'Shark Tank': This personal assistant quit her job to solve under-breast sweat and her company did over $1M in sales in a year 

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One hot summer day in 2015, Erin Robertson was getting ready to go on a date. There was just one problem: She could not stop sweating once she got out of the shower, especially under her size 32 E or G breasts, "depending on the day, weather, and whatever mood my 'girls' are in," Robertson tells CNBC Make It.

Solving what is actually a common issue for the well-endowed led to Robertson invent The Ta-Ta Towel, and now the company is bringing in seven figures.

On Sunday, Robertson, 35, took her terrycloth halter-style lounge bra (sizes C through H) that wicks away moisture from the breasts and neck to season 10 of ABC's "Shark Tank," seeking $200,000 in exchange for 10 percent stake in her company.

Eric McCandless | Getty Images

Robertson's pitch had clearly entertained the Sharks, who were giggling, and Mark Cuban even proclaimed, "Daymond's going to be so upset he's not here."

But it was the numbers that enticed the Sharks to bite; in 12 months, Robertson said, she sold $1.1 million of the bras.

"You've got to be just crushing it, rolling in the dough right now," Cuban said.

Indeed, it's been a life-changing experience, according to Robertson.

"Right before this happened, I had been a personal assistant for 13 years," Robertson said. "Hated my life. It was a really difficult job. So, I quit, and I was making all of these in my living room.

"I YouTubed 'how to sew,'" Robertson said. "I couldn't even thread the needle or get it in there, and I started making them myself."

Her product went viral online she said, and sales exploded. But she wasn't prepared for the massive increase in interest.

"I did not know what I was doing. Everyone took advantage of that, and jumped on and tried to rip me off and steal, so I had to take a break," Robertson said, adding that she had to enforce the design patent that had been granted to her.

There were other aspects of her pitch that caused concern among the Sharks too, like low margins and sliding sales since The Ta Ta Towel's viral moment in 2017. The sharks also expressed doubt over Robertson's $2 million sales projections for 2018, since the company has only done $188,000 so far. When asked how she was going to make that massive jump, Robertson's lack of strategy prompted some questions.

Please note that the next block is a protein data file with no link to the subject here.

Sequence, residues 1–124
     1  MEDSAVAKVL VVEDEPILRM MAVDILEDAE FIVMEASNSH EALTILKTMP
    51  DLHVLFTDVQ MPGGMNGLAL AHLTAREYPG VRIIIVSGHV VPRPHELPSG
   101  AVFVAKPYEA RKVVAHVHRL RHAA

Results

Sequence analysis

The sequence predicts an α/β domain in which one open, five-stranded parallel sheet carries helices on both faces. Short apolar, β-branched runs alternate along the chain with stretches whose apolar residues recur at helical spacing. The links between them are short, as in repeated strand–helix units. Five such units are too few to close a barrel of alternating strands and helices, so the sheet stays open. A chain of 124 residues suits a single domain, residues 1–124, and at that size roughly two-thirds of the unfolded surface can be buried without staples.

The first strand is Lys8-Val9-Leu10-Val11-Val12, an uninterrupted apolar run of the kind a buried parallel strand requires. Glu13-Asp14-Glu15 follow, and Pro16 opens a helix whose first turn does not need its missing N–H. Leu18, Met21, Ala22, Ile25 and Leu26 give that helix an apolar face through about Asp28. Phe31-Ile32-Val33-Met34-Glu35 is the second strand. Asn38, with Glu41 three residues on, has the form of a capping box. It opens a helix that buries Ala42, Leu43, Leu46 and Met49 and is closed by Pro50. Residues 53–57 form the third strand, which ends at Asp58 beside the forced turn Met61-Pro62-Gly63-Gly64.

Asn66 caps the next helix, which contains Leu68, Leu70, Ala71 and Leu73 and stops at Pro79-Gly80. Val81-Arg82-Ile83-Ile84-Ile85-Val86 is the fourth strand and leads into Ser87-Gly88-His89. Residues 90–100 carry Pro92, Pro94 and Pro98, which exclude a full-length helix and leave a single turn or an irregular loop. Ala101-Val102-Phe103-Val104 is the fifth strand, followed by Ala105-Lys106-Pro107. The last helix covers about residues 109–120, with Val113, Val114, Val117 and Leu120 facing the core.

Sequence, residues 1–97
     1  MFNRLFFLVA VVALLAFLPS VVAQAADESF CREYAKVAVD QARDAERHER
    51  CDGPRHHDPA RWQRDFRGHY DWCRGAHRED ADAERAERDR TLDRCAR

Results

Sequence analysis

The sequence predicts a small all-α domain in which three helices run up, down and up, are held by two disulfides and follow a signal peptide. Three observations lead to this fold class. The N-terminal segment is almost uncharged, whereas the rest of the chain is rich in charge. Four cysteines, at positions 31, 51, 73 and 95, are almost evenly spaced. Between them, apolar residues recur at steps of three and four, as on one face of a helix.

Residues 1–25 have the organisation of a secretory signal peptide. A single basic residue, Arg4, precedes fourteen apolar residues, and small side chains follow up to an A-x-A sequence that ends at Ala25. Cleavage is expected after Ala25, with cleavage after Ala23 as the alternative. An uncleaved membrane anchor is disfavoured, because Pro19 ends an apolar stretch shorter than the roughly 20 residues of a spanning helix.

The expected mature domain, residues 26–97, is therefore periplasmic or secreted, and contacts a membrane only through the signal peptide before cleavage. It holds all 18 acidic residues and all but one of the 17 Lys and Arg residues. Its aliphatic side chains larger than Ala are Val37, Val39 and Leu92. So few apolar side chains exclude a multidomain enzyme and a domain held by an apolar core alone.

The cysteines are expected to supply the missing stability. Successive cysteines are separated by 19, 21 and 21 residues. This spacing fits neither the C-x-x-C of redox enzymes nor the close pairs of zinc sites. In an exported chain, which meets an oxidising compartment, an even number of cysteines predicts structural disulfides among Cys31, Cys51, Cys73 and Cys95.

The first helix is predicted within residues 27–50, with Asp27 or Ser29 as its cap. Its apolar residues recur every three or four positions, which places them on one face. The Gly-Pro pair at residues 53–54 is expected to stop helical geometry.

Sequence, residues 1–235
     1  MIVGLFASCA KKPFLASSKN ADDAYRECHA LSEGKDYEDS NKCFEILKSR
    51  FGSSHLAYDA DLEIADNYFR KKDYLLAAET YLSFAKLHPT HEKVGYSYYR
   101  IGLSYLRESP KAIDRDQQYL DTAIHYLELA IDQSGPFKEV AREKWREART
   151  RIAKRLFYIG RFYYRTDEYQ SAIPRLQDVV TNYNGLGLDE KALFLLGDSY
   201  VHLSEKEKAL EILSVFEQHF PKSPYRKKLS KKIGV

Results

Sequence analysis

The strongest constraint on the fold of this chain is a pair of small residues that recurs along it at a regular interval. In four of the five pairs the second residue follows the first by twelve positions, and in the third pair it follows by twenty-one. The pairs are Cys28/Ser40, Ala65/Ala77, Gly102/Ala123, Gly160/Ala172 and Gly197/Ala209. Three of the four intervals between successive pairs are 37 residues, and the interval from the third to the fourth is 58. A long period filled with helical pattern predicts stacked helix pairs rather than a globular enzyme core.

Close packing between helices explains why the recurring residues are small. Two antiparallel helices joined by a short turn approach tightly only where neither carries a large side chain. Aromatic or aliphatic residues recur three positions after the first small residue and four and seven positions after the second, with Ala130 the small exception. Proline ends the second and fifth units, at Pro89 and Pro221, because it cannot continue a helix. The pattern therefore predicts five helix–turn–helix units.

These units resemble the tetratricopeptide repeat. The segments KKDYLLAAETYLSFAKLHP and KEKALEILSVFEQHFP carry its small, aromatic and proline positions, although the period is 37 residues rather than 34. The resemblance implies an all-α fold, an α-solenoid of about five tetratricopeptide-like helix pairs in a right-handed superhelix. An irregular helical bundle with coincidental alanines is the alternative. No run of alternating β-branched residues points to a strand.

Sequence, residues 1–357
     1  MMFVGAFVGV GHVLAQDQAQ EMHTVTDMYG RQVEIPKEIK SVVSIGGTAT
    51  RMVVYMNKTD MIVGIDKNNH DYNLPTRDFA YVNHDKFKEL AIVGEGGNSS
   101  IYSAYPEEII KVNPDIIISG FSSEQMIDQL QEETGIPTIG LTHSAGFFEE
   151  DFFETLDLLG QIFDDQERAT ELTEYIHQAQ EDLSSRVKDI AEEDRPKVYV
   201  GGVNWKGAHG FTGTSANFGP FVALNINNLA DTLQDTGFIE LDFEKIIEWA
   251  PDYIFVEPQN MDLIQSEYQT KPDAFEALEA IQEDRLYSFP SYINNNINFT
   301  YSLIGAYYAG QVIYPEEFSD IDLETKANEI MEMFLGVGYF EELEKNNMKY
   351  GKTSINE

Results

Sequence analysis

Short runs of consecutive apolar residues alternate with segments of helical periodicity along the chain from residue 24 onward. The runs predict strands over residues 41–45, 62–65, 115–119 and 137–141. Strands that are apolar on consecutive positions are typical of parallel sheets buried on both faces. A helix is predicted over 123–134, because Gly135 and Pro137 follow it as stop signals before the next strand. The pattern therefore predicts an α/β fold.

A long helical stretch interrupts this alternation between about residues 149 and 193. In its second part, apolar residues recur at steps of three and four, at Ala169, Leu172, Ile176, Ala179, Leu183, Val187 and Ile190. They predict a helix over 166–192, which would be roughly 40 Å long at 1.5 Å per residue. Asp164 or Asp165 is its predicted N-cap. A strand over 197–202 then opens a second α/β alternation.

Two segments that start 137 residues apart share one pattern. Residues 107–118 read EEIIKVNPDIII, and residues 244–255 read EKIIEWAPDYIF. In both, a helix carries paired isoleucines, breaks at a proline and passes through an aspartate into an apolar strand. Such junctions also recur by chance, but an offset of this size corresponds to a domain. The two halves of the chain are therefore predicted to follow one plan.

"Here's the problem, a lot of things aren't adding up right now," Cuban said. "You had this viral moment, that propelled sales in a short period of time to a million dollars. You come into this year, and you don't have the viral moment and you have all the aggravation of shutting down all the knock-offs."

Lori Greiner — known as the queen of QVC-TV for her success in retail products (she's created over 500 products and holds over 120 U.S. and international patents) — saw potential, however.

"You had me at hello," Greiner tells Robertson. "I get it. I get this product."

After Robertson declined Greiner's offer of 50/50 partnership (noting that when she was broke, she had to take on another investor so she in fact, only owned 90 percent of Ta-Ta Towel), ultimately she accepted Greiner's offer of $200,000 for a 40 percent stake in the business.

"After getting the opportunity to be on Shark Tank and get a deal with Lori...I feel like I was just welcomed with open arms into an exclusive club," Robertson tells CNBC Make It. "Lori is the real deal and she is absolutely lovely from the inside out. I'm learning a lot from her and I couldn't be more grateful for all that's happening right now."

Plus, Robertson says the exposure has already boosted the brand: "[S]ales are pouring in," she says. "Never underestimate the power of women; we have brains, brawn, beauty, and boob sweat."

It's not the first offbeat product the Sharks have seen come across the stage. Last season Cuban invested $200,000 in a dating app based on things you both hate and O'Leary invested $150,000 in men's padded underwear.

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This story has been updated to include additional comments from Robertson.

Disclosure: CNBC owns the exclusive off-network cable rights to "Shark Tank."

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